For additional videos, watch videos on curve sketching:This video is very detailed!http://www.youtube.com/watch?v=DMYUsv8ZaoY Part 1 of 4http://www.youtube.com/watch?v=HHeYsgNzKeE&feature=related Part 2 of 4http://www.youtube.com/watch?v=oy-x-xGWAf4&p=A5C6CF2CC2D96F17&playnext=1&index=21 Part 3 of 4http://www.youtube.com/watch?v=oy-x-xGWAf4&p=A5C6CF2CC2D96F17&playnext=1&index=21 Part 4 of 4This video is “faster”!http://www.youtube.com/watch?v=vOTTuZflAIM&feature=channel Part 1of 2http://www.youtube.com/watch?v=0Fx6jec8SwY Part 2 of 2Remember that for Curve Sketching, the more examples you see and practice, the better you get at it.
Homework:Do the assigned exercises in WebAssign. Note: All Wolfram Demonstrations are optional, but highly recommended.
3.7 Optimization ProblemsOverviewOptimization problems are one of the highlights of a first semester calculus course because of the obvious connection to multiple disciplines. We apply the results of previous sections to a variety of practical problems.
LectureThis is a section whose main focus is problem solving, rather than introducing new results. All the tools necessary to solve optimization problems are in place. We need only to recognize when a maximum or minimum value is required (a skill that isn’t necessary for this section because all the exercises are optimization problems, but it’s rather important in a broader context), how to construct an objective function and use constraints to express the function with a single variable, and then to find the critical points and complete the final analysis.The book offers a set of guidelines that can be carried out to solve most optimization problems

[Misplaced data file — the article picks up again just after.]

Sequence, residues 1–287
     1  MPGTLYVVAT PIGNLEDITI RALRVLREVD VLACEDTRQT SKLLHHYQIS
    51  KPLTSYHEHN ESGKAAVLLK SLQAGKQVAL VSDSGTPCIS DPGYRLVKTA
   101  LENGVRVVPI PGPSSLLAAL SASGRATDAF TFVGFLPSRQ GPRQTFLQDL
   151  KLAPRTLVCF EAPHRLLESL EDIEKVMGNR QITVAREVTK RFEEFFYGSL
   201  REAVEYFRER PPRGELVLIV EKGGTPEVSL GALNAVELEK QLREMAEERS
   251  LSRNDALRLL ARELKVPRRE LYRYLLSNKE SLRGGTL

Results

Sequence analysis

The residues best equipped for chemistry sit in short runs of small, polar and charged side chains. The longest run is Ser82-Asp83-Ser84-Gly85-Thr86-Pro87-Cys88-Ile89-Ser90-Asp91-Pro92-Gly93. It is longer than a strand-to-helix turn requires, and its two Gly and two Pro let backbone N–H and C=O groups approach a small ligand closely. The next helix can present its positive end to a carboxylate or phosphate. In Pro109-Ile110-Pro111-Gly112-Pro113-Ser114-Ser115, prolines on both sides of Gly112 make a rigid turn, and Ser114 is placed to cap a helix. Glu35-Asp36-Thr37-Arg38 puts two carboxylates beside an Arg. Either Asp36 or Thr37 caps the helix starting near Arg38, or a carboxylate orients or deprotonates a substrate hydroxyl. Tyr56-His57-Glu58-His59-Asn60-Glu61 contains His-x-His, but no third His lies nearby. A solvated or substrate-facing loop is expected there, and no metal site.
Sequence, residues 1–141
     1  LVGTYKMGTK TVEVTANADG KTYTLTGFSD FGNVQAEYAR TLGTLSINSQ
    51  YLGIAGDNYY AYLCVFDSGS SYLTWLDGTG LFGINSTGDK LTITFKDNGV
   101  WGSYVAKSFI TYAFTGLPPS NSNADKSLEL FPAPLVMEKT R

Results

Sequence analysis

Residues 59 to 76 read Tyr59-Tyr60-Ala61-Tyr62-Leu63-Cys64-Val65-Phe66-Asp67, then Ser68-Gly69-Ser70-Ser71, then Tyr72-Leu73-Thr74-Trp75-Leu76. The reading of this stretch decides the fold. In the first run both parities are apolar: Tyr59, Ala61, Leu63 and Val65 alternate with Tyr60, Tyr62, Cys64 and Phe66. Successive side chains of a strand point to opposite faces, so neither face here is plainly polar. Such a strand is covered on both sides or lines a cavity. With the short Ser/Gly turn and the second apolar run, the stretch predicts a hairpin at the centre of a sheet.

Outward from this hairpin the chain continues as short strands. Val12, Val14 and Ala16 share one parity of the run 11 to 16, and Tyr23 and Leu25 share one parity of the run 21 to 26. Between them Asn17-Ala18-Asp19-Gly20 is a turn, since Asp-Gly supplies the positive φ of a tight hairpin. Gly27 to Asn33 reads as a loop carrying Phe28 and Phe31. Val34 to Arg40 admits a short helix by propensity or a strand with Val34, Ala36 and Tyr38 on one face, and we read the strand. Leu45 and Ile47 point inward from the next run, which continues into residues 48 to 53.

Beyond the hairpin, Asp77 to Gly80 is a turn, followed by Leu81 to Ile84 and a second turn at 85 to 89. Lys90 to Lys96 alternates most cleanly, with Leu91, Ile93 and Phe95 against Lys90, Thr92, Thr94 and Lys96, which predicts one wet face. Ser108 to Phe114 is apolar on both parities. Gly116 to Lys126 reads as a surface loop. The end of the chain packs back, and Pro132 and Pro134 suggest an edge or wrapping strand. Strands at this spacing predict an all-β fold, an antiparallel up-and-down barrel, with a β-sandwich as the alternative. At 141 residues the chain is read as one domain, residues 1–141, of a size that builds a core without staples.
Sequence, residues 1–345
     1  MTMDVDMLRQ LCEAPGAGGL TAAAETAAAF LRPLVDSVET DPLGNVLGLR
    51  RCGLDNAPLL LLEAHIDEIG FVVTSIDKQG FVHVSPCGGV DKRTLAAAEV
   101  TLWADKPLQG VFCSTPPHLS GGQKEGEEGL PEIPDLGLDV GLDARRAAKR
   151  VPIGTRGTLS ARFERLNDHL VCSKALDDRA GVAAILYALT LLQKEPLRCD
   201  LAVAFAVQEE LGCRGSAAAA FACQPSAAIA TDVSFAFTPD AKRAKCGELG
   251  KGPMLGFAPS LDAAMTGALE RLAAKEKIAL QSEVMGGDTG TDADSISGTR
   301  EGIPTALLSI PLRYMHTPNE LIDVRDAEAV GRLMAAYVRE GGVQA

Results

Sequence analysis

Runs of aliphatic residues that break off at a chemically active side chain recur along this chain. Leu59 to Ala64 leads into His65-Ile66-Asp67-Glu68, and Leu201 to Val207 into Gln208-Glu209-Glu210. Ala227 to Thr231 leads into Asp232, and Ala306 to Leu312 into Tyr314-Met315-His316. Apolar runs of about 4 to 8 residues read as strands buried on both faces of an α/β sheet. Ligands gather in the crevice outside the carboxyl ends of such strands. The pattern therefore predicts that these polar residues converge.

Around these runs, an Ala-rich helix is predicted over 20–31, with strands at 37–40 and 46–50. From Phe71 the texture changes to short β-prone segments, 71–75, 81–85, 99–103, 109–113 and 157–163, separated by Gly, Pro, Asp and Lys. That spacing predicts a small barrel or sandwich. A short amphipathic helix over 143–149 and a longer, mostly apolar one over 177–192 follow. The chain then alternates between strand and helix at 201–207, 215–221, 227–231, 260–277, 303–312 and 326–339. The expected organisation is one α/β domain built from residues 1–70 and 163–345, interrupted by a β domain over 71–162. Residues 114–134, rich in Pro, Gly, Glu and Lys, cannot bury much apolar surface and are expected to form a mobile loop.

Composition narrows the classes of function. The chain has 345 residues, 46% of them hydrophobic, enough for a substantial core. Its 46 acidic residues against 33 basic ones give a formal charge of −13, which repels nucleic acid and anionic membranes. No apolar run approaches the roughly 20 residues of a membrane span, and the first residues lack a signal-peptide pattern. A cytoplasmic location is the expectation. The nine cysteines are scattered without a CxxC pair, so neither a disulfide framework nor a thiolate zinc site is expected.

encountered in the text. Study the Tutorial on page 250 and Examples 1 , 2 , 3 , 4, 5 .
Homework:Do the assigned exercises in WebAssign. Note: All Wolfram Demonstrations are optional, but highly recommended.
3.9 AntiderivativesOverviewWe reverse the process of differentiation to find antiderivatives and lay the groundwork for integration in Chapter 4. In addition, differential equations and initial value problems are introduced.
Lecture The rules for this section is given a function f, we seek a differentiable function F so that F′ = f. This function F is called the antiderivative. Keep in mind that antiderivatives are not unique. See
the definition, study the Tutorial on page 269, and do Example 1 . For an additional video, watch video of Definitions of Antiderivatives at http://www.wonderhowto.com/how-to-define-antiderivative-calculus-341499/ Study the table of Antidifferentiation Formulas and do Examples 2, 3, 4 .
Study the section on Rectilinear Motion, Watch the Lecture Video on page 272 and do Examples 6 , 7.
Homework:Do the assigned exercises in WebAssign. In the homework section in BB, you will find (highlighted) problems not in WebAssign that are part of the required homework. These problems will not be collected but may appear in tests.Note: All Wolfram Demonstrations are optional, but highly recommended.
Exponential Functions, Chap3 Key Terms and Concepts
Derivatives of exponential functionsAbsolute maximum and minimum values Extreme Value Theorem Local maxima and minima Critical numbers Increasing and decreasing First Derivative Test Concavity and inflection points Tests for concavity Second Derivative Test Curve sketching procedures Optimization problems Antiderivatives and indefinite integrals Finding all antiderivatives
Power rule for indefinite integrals Sum and Constant rules Rectilinear Motion